Decrease in bone mineral density and the mechanical parameters of long bones with occlusal disharmony

Effects of occlusal disharmony on the mechanical properties of long bones, and specifically on cortical and trabecular bone, were evaluated by pQCT analysis. Total bone mineral density, the trabecular index of bone mineral density and cortex-related indices, namely cortical bone area and cortical thickness, were significantly suppressed in the tibial metaphysis of mice in the disharmony group, compared to those in the control group (Fig. 4a–e). The mechanical strength indices (SSI and torsion index) of the tibial metaphysis were also significantly lower in the disharmony group than in the control group (Fig. 4f,g). Similarly, the total bone mineral density, the trabecular related index, the cortex-related indices, and the mechanical strength parameters were also significantly lower in the distal femur of mice in the disharmony group than those in the control group. Lower total bone mineral density and cortex-related indices were also observed in the region of the femur (Supplementary Fig. S2).

Figure 4
figure4

A representative pQCT image of the proximal tibia for quantitative analyses (bar, 1 mm) is shown in (a). The colour calibration for bone mineral density is shown in the right bar. The reduction in maximum bone mineral density with occlusal disharmony is indicated. Other measured variables of bone structure are shown as follows: total mineral density of the proximal tibia (b); total mineral density of tibia (c); cortical bone area of the proximal tibia (d); cortical thickness of the proximal tibia (e); trabecular density of the proximal tibia (f); strength strain index (SSI) of the proximal tibia (g); and torsion index of the proximal tibia. Values are expressed as the mean ± SD; Ctr, control group; Dis, occlusal disharmony group; *p < 0.05; **p < 0.01 versus the control group (Ctr).

Decreased bone formation parameters in the secondary spongiosa of the tibial metaphysis with occlusal disharmony

Calcein injections were administered on the day of induction and on post-induction day 6 to evaluate effects of occlusal disharmony on bone formation activity. Evaluation of un-decalcified thin sections under fluorescent microscopy revealed a decrease in the distance between the calcein double labels in disharmony group, compared to the control group (Fig. 5a). A bone histomorphometric study was performed to confirm these histological observations. The mineral apposition rate (MAR), which is indicative of the bone formation capacity of osteoblasts, was significantly decreased in the disharmony group, compared to the control group (Fig. 5b), along with a smaller mineralizing surface per bone surface (MS/BS; Fig. 5c). Consequently, changes in the bone formation rate (BFR), which reflects the total amount of bone formation in a day, were in the same direction as those in MAR and MS/BS (BFR is calculated as MS/BS × MAR), being significantly lower in the occlusal disharmony than in the control group (Fig. 5d). Serum osteocalcin levels were measured to clarify effects of occlusal disharmony on systemic bone formation activity, with significant decreases in serum levels identified on post-induction day 1 (Fig. 5e).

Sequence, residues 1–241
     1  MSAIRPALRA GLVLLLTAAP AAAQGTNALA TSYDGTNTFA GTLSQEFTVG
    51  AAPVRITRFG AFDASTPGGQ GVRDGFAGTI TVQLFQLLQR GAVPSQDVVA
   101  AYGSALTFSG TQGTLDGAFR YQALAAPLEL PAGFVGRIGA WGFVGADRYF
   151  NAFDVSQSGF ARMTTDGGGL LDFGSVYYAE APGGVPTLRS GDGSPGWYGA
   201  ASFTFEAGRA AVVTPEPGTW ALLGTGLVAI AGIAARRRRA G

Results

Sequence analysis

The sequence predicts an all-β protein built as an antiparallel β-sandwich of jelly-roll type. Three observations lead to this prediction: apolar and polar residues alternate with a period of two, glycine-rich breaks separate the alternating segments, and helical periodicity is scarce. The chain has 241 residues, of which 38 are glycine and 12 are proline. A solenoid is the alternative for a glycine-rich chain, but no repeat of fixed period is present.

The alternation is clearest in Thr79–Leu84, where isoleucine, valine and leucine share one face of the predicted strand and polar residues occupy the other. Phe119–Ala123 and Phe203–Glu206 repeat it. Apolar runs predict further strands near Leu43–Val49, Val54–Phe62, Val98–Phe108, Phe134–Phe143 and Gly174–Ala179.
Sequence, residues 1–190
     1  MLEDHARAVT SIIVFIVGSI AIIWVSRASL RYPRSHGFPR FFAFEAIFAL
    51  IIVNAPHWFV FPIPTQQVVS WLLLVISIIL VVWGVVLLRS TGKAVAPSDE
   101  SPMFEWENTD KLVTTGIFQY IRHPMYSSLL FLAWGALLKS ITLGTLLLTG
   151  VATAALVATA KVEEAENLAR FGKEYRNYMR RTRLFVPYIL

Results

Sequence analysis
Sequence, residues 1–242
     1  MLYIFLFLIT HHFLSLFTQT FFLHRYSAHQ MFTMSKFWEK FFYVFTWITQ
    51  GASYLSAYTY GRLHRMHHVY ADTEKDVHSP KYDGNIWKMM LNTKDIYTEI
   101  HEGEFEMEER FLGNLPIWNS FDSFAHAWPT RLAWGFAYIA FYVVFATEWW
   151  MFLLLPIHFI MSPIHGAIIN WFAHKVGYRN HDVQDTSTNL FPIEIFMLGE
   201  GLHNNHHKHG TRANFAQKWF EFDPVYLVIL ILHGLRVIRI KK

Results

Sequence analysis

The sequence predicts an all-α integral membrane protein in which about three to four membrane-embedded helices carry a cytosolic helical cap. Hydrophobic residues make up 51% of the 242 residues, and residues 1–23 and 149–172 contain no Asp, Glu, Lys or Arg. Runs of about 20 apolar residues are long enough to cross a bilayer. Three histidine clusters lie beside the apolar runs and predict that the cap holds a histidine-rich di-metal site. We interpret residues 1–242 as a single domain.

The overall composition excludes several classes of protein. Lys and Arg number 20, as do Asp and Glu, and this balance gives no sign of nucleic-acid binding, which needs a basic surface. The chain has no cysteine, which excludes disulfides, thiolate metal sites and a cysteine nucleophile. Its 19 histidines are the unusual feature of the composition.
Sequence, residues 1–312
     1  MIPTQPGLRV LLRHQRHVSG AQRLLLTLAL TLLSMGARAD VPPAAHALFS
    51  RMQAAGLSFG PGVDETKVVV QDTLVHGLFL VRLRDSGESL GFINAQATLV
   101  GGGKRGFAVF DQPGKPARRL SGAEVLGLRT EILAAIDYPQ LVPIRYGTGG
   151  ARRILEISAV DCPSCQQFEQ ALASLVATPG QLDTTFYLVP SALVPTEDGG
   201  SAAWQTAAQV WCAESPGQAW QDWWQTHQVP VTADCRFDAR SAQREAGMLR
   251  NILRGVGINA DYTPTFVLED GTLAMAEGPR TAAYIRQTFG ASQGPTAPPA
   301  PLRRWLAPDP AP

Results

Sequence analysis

Figure 5
figure5

Bone formation parameters, with calcein injections administered at the time of induction of occlusal disharmony (day 0) and on post-induction (day 6). Measured parameters were as follows: (a) magnified images of calcein double labelling of trabecular bone (bar, 10 μm); (b) mineral apposition rate (MAR); (c) mineralizing surface per bone surface (MS/BS); (d) bone formation rate (BFR); (e) serum osteocalcin level on day 1; and (f) serum osteocalcin level on day 7. Values are expressed as the mean ± SD; Ctr, control group; Dis, occlusal disharmony group; *p < 0.05 versus the control group (Ctr); ****p < 0.0001 versus the control group (Ctr).

The osteoclast surface (Oc.S/BS) and the number of osteoclasts (N.Oc/BV) were comparable between the disharmony and control groups (Fig. 6a,b). Serum TRACP 5b level, which is indicative of bone resorption activity, was not modified on post-induction day 1, but did decrease significantly in the disharmony group on post-induction day 7 (Fig. 6c and d). Urine CTX levels were comparable between the disharmony and control groups on day 0 and on post-induction day 1 (Fig. 7a and b).

Figure 6
figure6

Bone resorption parameters showing: (a) the osteoclast surface (Oc.S/BS); (b) the number of osteoclasts (N.Oc/BV); (c) serum TRACP 5b level on day 1.; and (d) serum TRACP 5b level on day 7. Values are expressed as the mean ± SD; Ctr, control group; Dis, occlusal disharmony group; *p < 0.05 versus the control group (Ctr).

Figure 7
figure7

(a) Urine CTX levels of the control (Ctr) group on days 0 and 1. (b) Urine CTX levels of group Dis on days 0 and 1. Values are expressed as the mean ± SD; Ctr, control group; Dis, occlusal disharmony group.